On the 17th day of the course, we had Mike Hogan as a guest. He was with us to make a presentation about how to teach business English. It is not exaggerating to point out that Mike is a professional teacher who has been dealing with business English for over ten years, so it was very important for our CELTA class to have him in presence.
The presentation was very successful, and we understood that teaching business English was another challenge teachers might have to face. It is a serious field of teaching that requires a different approach. As Mike stated it was a matter of creativity, and this implies that teachers may even have to prepare their own materials if they undertake such a challenge.
The most important point to remember while teaching business English is to make the lessons as task based as possible. This stems from the fact that learners have very special needs if they are in business English classes. Therefore, the focus should be on such crucial matters as etiquette and how to properly communicate with clients from different nations. Needless to say, teachers are best if they are prepared to provide specific examples of making requests, asking for advice, taking turns, and showing interest in what someone is saying. Apart from these, learners expect teachers to create opportunities for them to practice their presentation skills because they have to make presentations representing their firms.
Moreover, teachers need to be ready for selecting and teaching specific vocabulary for business English classes. That is no easy job because it depends on the type of sector in which learners work. However, it is possible for teachers to learn from their class and pay attention to teaching the lexis related to a particular sector. That is to say, collaboration between teachers and students for successful lessons is highly suggested as language teachers cannot always be expected to know every word for architecture, marketing, engineering etc.
As for dealing with the pronunciation or grammar mistakes of learners, flexibility is welcome because the important thing is to make sure that those in the class do the tasks the way desired and communication is not affected badly by the problems that occur. This point is significant to keep in mind, for business English teachers need to distinguish what would actually break down communication. Also, it is required to approach problem areas that emerge in a careful way in order not to intimidate learners who are already vey qualified for their own profession.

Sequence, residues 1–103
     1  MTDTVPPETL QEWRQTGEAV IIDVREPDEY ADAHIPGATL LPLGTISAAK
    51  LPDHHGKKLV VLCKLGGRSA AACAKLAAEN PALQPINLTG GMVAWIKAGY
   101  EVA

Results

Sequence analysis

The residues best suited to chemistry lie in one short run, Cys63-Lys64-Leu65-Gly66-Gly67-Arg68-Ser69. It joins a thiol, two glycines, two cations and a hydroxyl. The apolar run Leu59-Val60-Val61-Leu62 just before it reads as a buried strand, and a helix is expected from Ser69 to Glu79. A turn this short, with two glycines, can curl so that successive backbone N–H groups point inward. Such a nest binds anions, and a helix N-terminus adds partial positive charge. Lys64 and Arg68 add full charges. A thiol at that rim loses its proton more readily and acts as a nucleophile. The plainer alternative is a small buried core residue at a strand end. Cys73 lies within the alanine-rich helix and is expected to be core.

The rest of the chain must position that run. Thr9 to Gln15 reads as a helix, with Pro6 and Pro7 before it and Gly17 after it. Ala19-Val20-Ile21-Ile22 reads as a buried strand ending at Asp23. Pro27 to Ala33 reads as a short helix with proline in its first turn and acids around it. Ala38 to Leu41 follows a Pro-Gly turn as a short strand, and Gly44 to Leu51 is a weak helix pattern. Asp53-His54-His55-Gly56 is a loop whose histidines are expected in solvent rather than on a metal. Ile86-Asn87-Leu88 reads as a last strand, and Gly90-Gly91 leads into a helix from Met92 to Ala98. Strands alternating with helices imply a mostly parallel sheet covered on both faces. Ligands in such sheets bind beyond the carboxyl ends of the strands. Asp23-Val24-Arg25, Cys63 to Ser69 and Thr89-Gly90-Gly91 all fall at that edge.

One more thing for teachers to be careful about if they are to teach business English is the dress code as Mike shared. Wearing a suit for this necessity is a good idea because everybody else in the class does so. If teachers are formally dressed, there is no doubt they will be respected more because it indicates that they consider the job seriously. It should always be born in mind that a good reputation can be earned only through the work done, and it is the learners that will allow a teacher to do that.
In addition to the aforementioned, Mike Hogan gave us valuable information about many other aspects of business English classes from the possible type of activities to design to the detailed general profile of learners whom we are likely to teach, and it all was helpful. As a teacher who has never taught classes for such a specific purpose, I now know what to expect and how I can deal with the whole challenge.
Needless to say, I feel more confident than ever, and I believe it would be a good experience to teach business English one day. I also would like to thank Mike Hogan and Chia Suan Chong, who arranged a session with Mike, for one of the most beneficial days of the CELTA course.